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The Harvey Goldberg Series

  • Understanding and Teaching the Age of Revolutions. Edited by Ben Marsh and Mike Rapport. Madison: (The University of Wisconsin Press, August 2017).

“This insightful, timely, and genuinely useful volume surveys the latest scholarship, suggests provocative ways to think through the subject, and offers helpful resources for teachers at both secondary schools and universities.” —Andrew M. Schocket, author of Fighting over the Founders: How We Remember the American Revolution.

In the late eighteenth and early nineteenth centuries, struggles for emancipation—whether from royal authority, colonial rule, slavery, or patriarchy—inspired both hopes and fears. This book, designed for university and secondary school teachers, provides up-to-date content and perspectives, classroom-tested techniques, innovative ideas, and an exciting variety of pathways to introduce students to this complex era of history.”

Print available from UW Press, click here.

  • Understanding and Teaching the Cold War. Edited by Matthew Masur. Madison: (The University of Wisconsin Press, February 2017).

“A superb collection of authoritative, imaginative, and even provocative essays on teaching the history of the Cold War, effectively merging historiography, methodology, and innovative use of primary documents.”—Jeremi Suri, author of Henry Kissinger and the American Century.

For nearly a half century, from 1945 to 1991, the United States and the Soviet Union maneuvered to achieve global hegemony. Each forged political alliances, doled out foreign aid, mounted cultural campaigns, and launched covert operations. This book is designed to help collegiate and high school teachers navigate the complexity of the topic, integrate up-to-date research and concepts into their classes, and use strategies and tools that make this important history meaningful to students.

Print available from UW Press, click here.

  • Understanding and Teaching American Slavery. Edited by Bethany Jay and Cynthia Lynn Lyerly. Foreword by Ira Berlin. Madison: (The University of Wisconsin Press, February 2016).

American slavery is an essential part of any history education, and yet it remains one of the hardest subjects to teach. Teachers at all levels grapple with the complexity of the institution, its brutal traits and, most of all, its legacy of racism.  This book provides vital insights and concrete strategies for teachers at every level and will dramatically improve the way that American slavery is taught.

Print available from UW Press, click here.

  • Understanding and Teaching U.S. Gay, Lesbian, Bisexual and, and Transgender History. Edited by Leila J. Rupp and Susan K. Freeman. Madison: (The University of Wisconsin Press, December 2014).

WINNER – Anthology, 2015 Lambda Literary Awards
Best Special Interest Books, the American Association of School Librarians
A Choice Outstanding Academic Book

Teachers in diverse educational settings provide narratives of their experiences teaching queer history. A topical section offers seventeen essays on such themes as sexual diversity in early America, industrial capitalism and emergent sexual cultures, and gay men and lesbians in World War II. Contributors include detailed suggestions for integrating these topics into a standard U.S. history curriculum, including creative and effective assignments. A final section addresses sources and interpretive strategies well suited to the history classroom.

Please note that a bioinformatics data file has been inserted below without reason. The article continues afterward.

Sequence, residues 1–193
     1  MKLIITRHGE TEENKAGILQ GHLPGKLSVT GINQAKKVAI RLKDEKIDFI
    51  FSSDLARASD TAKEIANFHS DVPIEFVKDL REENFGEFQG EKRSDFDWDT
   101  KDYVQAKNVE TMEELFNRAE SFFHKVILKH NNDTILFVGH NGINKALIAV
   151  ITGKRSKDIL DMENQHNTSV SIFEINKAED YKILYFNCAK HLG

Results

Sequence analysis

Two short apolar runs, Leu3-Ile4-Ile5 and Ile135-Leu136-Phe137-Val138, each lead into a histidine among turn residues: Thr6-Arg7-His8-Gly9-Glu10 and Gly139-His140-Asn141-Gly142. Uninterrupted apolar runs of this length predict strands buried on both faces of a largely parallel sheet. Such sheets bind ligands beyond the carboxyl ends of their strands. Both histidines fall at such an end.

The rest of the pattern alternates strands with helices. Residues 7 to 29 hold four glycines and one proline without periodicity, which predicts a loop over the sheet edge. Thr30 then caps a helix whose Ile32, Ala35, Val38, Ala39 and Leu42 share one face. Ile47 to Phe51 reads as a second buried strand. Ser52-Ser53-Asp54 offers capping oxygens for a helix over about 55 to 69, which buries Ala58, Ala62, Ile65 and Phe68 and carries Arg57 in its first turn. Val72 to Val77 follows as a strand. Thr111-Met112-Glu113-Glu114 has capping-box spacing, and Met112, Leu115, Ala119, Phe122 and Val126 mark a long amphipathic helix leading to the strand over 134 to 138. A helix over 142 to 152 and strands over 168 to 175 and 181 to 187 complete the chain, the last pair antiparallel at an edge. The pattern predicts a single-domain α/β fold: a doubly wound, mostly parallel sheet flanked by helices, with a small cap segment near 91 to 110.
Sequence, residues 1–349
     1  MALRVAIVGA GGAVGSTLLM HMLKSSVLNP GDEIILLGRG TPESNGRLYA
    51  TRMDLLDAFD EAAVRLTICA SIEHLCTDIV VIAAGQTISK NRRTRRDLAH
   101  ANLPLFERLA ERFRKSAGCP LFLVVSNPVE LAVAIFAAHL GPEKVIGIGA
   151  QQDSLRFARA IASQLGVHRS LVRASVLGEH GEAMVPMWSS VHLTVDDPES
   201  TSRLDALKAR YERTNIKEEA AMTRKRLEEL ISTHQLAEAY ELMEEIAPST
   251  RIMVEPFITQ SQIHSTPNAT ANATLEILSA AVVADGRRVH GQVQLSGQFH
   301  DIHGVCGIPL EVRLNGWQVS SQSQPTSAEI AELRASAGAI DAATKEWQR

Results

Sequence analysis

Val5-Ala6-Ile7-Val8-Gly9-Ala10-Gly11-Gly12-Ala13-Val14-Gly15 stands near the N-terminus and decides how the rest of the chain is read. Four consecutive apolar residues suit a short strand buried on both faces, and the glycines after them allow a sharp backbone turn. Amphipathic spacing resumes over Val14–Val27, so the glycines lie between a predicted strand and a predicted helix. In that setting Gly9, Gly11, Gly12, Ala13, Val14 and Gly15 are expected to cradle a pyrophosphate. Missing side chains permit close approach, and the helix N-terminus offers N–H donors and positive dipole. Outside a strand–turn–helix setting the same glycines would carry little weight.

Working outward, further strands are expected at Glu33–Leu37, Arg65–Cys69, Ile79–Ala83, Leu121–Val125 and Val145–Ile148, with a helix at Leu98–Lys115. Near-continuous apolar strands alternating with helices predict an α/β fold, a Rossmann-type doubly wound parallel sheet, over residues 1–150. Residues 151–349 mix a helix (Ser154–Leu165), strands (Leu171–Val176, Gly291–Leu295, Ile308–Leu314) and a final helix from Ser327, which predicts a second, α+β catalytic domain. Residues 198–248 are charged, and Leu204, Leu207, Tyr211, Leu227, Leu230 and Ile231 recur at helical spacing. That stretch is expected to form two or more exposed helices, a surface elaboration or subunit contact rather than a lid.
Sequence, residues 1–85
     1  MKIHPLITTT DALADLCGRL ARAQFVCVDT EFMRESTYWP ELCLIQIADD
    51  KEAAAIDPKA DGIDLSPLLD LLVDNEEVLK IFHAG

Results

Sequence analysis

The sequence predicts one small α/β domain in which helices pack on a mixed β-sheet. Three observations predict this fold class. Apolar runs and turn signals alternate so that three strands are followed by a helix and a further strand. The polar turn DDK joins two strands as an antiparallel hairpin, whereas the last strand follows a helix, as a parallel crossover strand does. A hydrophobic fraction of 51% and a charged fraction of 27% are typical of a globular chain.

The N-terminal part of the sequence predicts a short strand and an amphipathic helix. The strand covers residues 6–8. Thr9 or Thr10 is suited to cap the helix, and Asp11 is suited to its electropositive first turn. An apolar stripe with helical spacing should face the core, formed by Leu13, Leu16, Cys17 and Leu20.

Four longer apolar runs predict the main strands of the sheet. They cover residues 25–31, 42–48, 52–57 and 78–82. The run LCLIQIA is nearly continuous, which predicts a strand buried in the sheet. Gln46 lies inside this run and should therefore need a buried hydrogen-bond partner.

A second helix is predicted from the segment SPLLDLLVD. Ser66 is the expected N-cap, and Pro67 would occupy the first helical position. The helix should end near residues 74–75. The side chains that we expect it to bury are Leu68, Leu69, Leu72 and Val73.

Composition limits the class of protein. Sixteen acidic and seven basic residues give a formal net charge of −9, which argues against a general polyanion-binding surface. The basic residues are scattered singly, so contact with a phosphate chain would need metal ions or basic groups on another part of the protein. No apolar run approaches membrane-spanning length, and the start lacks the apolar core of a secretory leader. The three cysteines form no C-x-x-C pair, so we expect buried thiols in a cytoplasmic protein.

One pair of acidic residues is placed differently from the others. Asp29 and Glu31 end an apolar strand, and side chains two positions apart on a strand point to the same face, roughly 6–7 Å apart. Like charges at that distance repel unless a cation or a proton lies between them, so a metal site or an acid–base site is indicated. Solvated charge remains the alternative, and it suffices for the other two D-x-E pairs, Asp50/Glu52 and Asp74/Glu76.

Print available from UW Press, click here.

  • Understanding and Teaching the Vietnam War. Edited by John Day Tully, Matthew Masur, and Brad Austin. Madison: (The University of Wisconsin Press, October 2013).

Honorable Mention, Franklin Buchanan Prize, Association for Asian Studies and the Committee for Teaching About Asia.

“This collection makes good on what it sets out to do: help high school and college teachers think about understanding and teaching the Vietnam War in new and innovative ways. There is a clear need for this kind of hands-on volume.”
—Mark Philip Bradley, author of Vietnam at War

An introductory section features essays by eminent Vietnam War scholars George Herring and Marilyn Young, who reflect on teaching developments since their first pioneering classes on the Vietnam War in the early 1970s. A methods section includes essays that address specific methods and materials and discuss the use of music and film, the White House tapes, oral histories, the Internet, and other multimedia to infuse fresh and innovative dimensions to teaching the war. Every essay in the volume offers classroom-tested pedagogical strategies and detailed practical advice.

Print available from UW Press, click here.

Works of Harvey Goldberg

  • The Life of Jean Jaurès. (Madison: University of Wisconsin Press, 1962). Reprint available from UW Press, click here.
  • “French Socialism and the Congress of London 1896.” Historian 19, no. 4 (1956-1957): 402-424.
  • “Jaurès and the Formation of a Socialist Peasant Policy, 1885-1898.” International Review of Social History 2, no.3 (1957): 372-391.
  • Editor. American Radicals: Some Problems and Personalities. New York: Monthly Review Press, 1957.
  • “Jean Jaurès and the Jewish Question: The Evolution of a Position.” Jewish Social Studies 20, no. 2 (1958): 67-94.
  • French Colonialism: Progress or Poverty? (New York: Rinehart, 1959).
  • “Jaurès et Rappoport.” Mouvement Social 73 (1970): 3-20.
  • Editor with Haupt, Georges and Lagana, Marc. Une Vie Révolutionnaire, 1883-1940: Les Mémoires de Charles Rappoport. (Paris: Editions de la Maison des Sciences de l’Homme, 1991).